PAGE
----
“You look at those who really do their job for their shareholders…in this case with a major public impact…and the most successful ones are the ones who let the organization speak for itself,” Doti observes. “Actions speak louder than words.”
Says Irvine Mayor Larry Agran: “I think Mr. Bren is in that phase of life when you start to add it up and ask what’s it all been about.”
And longtime associate Gary Hunt says: “The question is, has everyone benefited from his vision? The families who live here, the businesses that are located here, the environment, and future generations? And clearly, the answer is yes.”
To put into a phrase Bren’s special business ability, those interviewed essentially tell the story of two roads converging on the Irvine Ranch that brought inspiration to many who touch it: One is that a single owner controlled the land, escaping the pell-mell of competing development interests that show no focus, rhyme, reason or care.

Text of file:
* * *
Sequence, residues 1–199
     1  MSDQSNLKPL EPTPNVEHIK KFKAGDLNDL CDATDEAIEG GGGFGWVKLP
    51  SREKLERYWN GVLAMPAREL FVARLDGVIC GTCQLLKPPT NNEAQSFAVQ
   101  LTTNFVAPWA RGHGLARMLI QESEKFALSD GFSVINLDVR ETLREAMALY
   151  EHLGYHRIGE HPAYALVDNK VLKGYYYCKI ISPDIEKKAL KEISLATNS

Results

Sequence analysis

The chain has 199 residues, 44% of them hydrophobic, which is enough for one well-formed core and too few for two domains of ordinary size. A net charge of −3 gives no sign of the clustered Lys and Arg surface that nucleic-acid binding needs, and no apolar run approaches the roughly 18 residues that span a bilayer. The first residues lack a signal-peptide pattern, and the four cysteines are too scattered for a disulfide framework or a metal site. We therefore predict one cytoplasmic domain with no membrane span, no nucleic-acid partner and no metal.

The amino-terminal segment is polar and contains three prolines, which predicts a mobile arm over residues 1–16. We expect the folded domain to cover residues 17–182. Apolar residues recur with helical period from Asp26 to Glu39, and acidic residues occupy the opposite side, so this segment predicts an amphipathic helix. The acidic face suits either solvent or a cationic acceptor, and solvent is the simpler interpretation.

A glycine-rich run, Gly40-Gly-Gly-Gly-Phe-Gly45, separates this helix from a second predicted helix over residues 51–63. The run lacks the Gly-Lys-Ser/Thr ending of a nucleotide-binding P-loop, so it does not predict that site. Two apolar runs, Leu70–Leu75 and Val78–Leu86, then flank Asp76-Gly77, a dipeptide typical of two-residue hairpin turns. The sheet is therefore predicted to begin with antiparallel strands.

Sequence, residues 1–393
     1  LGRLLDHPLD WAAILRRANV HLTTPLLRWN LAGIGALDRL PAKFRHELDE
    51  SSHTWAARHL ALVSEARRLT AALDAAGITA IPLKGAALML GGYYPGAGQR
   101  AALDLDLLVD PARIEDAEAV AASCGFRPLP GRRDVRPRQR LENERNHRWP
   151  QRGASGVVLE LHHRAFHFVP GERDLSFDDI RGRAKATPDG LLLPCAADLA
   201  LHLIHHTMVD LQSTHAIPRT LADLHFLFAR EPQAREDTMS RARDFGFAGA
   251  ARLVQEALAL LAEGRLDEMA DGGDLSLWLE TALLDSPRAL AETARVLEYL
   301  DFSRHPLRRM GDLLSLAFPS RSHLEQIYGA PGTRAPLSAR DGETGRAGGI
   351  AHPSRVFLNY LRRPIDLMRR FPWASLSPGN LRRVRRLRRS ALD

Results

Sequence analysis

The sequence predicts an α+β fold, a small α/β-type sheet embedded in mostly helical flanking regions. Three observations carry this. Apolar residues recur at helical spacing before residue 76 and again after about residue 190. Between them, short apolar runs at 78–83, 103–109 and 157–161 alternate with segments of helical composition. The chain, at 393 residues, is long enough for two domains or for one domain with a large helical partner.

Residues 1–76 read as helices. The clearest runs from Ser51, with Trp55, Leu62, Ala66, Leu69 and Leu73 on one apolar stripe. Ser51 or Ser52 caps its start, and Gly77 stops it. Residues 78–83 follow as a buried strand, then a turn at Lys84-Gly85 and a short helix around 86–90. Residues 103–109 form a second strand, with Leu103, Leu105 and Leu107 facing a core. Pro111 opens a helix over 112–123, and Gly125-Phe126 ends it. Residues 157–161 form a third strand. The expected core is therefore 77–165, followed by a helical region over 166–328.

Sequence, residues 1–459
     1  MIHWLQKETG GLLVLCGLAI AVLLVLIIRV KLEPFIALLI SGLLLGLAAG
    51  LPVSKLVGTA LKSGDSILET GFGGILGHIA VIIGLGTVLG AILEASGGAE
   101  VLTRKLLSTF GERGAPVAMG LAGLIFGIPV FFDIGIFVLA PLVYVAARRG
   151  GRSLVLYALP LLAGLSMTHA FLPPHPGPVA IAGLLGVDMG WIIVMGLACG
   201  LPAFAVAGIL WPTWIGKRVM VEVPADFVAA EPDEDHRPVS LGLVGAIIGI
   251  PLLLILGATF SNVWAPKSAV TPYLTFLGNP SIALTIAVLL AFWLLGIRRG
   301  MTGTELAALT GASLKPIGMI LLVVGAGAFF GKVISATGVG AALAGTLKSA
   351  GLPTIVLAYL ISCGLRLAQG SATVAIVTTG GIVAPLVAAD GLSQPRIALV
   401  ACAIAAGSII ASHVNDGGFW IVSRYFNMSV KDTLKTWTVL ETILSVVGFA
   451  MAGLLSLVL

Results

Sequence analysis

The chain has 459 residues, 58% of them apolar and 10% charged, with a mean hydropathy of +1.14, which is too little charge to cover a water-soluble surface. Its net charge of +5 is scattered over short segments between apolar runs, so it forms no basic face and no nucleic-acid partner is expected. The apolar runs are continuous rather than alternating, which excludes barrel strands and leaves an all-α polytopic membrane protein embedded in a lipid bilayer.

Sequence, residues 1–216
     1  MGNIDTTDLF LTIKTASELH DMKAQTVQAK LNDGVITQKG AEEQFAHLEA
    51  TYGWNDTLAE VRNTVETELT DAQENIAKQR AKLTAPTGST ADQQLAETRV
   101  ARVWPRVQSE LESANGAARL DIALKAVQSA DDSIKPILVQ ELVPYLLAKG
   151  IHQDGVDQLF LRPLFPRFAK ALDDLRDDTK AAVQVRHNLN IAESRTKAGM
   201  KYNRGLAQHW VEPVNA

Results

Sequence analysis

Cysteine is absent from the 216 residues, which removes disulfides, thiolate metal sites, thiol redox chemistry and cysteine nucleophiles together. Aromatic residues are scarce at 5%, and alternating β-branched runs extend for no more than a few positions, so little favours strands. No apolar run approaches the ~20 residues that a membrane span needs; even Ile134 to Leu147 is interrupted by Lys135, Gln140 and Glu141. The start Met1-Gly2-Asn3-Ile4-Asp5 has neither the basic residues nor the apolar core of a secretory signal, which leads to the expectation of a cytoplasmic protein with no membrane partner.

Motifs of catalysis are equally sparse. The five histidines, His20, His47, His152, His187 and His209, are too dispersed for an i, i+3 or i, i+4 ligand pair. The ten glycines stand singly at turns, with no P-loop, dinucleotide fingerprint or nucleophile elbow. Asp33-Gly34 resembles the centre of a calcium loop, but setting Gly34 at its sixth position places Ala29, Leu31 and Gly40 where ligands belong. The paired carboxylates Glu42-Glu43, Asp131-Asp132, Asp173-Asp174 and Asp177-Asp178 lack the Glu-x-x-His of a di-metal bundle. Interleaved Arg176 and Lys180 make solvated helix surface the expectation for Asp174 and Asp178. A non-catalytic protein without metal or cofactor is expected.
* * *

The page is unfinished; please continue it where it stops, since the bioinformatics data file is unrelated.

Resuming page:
The other is that the owner was Donald Bren.
OC METRO Editor Kevin O’Leary and Senior Writer Steve Thomas contributed to this report. Writer Sandy Bennett provided online research